Dancing the cotillon: the changes

In his A New Collection of Forty-four Cotillons Gallini stated ‘At the beginning of every Cotillon, the dancers must perform Le Grand Rond, and Return to their Places’. He then listed ten changes beginning ‘Each Couple join their Right hands and turn, then back with the Left’.

  1. Each Couple join both hands and turn to the Right, then back to the Left.
  1. The Ladies Moulinet to the Right, then to the Left.
  1. The Gentlemen Moulinet to the Right, then to the Left.
  1. The Ladies join hands and go Round to the Right, then to the Left.
  1. The Gentlemen join hands and go Round to the Right, then to the Left.
  1. Each Couple Allemande to the Right, then to the Left.
  1. La Grande Chaine.
  1. La Course, or La Promenade, to the Right.
  1. Le Grand Rond.

Gallini specifies Le Grand Rond at the beginning of all but one of his cotillons.

Gherardi listed nine changes in his Fourteen Cotillons or French Dances of 1768. Like Gallini, he omitted Le Grand Rond (which he calls ‘All Round’) from the beginning of his list. He also left out Gallini’s first change, right and left hands.

1st. Turn your partner with both hands

2d. Four ladies hands across

3d. Four gentlemen hands across

4th. Four ladies hands round

5th. Four gentlemen hands round

6th. L’Allemande

7th. La Chaine

8th. La Promenade

9th. All Round

Gherardi specifies ‘All round’ at the beginning of all but one of his cotillons (the odd one out begins ‘Ballance & Rigadoon Step then all round’).

Villeneuve listed the same changes as Gherardi in his 1769 Collection of Cotillons and he begins all of his dances ‘All round’.

Thomas Hurst, whose The Cotillons Made Plain and Easy also dates to 1769, was apparently determined to anglicize the cotillon. His list was longer, with fourteen changes, although he did include many from Gallini and Gherardi.

First Change, called Swing Partners.

Second Change. Turn Partners.

Third Change. Ladies Hands across.

Fourth Change. Gentlemen Hands across

Fifth Change. Ladies Hands round.

Sixth Change. Gentlemen Hands round.

Seventh Change. Ring Top and Bottom.

Eighth Change. Ring on each side.

Ninth Change. Hands across Top and Bottom.

Tenth Change. Hands across on each side.

Eleventh Change. Right and Left all round.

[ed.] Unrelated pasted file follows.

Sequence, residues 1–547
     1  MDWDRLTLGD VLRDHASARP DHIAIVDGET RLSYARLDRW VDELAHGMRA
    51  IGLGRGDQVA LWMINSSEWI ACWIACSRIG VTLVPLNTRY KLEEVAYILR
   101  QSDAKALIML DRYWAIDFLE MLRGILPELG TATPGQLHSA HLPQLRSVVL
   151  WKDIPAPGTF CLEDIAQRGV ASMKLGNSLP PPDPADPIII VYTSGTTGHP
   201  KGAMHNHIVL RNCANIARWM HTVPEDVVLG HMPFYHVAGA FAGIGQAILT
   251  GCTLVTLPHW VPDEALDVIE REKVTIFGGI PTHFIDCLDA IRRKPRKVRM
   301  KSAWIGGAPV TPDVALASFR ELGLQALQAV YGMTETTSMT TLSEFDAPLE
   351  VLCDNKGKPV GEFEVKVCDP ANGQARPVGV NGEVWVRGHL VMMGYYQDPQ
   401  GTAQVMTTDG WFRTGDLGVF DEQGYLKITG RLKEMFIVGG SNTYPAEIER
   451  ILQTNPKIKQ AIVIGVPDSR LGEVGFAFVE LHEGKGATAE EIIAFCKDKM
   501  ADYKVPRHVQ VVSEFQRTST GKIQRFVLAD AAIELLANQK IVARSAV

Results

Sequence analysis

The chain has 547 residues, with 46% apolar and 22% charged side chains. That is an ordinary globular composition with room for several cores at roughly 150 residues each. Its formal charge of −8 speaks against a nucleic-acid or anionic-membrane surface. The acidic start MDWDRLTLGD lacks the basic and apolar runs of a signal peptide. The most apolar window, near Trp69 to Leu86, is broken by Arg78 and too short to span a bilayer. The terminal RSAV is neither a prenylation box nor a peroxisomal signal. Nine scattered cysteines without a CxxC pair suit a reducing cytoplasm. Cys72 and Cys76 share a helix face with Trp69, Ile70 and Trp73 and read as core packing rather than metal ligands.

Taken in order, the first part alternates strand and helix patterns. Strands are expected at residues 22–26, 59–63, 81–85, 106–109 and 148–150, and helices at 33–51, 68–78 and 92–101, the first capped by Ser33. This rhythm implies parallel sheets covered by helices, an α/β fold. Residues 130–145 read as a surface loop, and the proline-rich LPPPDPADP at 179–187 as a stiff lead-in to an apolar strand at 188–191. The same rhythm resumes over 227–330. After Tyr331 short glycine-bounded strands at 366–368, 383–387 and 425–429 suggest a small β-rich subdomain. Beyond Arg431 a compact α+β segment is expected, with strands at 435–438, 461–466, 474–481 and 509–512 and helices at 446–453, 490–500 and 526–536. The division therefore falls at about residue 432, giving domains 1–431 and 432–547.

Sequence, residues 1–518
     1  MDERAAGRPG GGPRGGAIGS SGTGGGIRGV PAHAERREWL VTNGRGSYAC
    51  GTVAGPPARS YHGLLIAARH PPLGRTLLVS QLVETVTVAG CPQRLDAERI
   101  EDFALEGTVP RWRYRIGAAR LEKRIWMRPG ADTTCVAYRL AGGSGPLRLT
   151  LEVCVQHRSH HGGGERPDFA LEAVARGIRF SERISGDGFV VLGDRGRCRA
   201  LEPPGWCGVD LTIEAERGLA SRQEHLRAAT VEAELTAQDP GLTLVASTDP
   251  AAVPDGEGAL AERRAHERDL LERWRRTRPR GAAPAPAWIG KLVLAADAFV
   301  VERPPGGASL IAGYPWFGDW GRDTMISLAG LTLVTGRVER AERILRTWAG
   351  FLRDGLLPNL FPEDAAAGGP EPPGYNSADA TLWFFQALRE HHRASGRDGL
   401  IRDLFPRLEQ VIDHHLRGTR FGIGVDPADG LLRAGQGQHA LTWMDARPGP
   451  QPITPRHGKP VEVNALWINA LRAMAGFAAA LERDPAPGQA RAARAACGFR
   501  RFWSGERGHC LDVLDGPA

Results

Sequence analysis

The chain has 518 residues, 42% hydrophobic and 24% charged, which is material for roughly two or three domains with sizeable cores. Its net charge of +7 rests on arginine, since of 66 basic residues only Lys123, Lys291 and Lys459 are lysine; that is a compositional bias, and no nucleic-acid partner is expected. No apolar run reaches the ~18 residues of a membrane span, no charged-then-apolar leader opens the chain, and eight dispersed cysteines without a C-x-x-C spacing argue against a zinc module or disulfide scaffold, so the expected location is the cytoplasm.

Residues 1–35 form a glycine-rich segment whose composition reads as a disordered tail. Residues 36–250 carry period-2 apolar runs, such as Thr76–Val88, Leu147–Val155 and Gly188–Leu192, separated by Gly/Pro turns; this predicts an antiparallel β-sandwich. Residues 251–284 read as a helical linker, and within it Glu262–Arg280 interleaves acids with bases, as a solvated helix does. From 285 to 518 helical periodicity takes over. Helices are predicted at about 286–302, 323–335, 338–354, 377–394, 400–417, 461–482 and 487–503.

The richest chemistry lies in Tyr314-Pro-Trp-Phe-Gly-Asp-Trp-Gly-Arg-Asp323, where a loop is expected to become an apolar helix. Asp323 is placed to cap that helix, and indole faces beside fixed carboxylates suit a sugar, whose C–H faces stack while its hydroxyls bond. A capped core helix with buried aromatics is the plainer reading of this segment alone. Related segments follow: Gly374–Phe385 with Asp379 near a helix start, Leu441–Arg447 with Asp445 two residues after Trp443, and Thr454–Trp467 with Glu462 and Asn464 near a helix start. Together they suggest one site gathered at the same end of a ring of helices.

Twelfth Change. The Promenade, or Walk.

Thirteenth Change. Beat all round.

Fourteenth Change. The Great Ring

Hurst’s first, third to sixth, eleventh to twelfth and fourteenth changes can be found in Gallini and Gherardi, but he added five changes not found in other cotillon collections of this time. In his ‘Method of performing one dance throughout’, two pages before his list of changes, Hurst makes clear that all his cotillons begin with the ‘Great Ring’.

In his A Third Book of French Country Dances or Cotillons, published about 1770, Gherardi revised his list of changes although he still specified nine.

1st. All round.

2d. Turn your Partner with your right Hand to your own Place, then with your left.

3d. Turn your Partner with both hands.

4th. The 4 Ladies hands across.

5th. The 4 Gentlemen the same.

6th. The Ladies hands round.

7th. The Gentlemen the same.

8th. L’allemande two and two.

9th. All round.

He left out La Chaine and La Promenade. He also begins all the cotillons in this collection with ‘All round’.

Siret, whose A Set of Cotillons, or French Dances may also date to 1770, listed the same nine changes as in Gherardi’s third collection. He specifies ‘All round as usual’ at the beginning of all but one of his cotillons.

Were these variations in the Changes part of the development of the cotillon in England? Were they influenced by fashion, as the cotillon became familiar and dancers sought more variety, or (in these collections at least) did they reflect the preferences of individual dancing masters?

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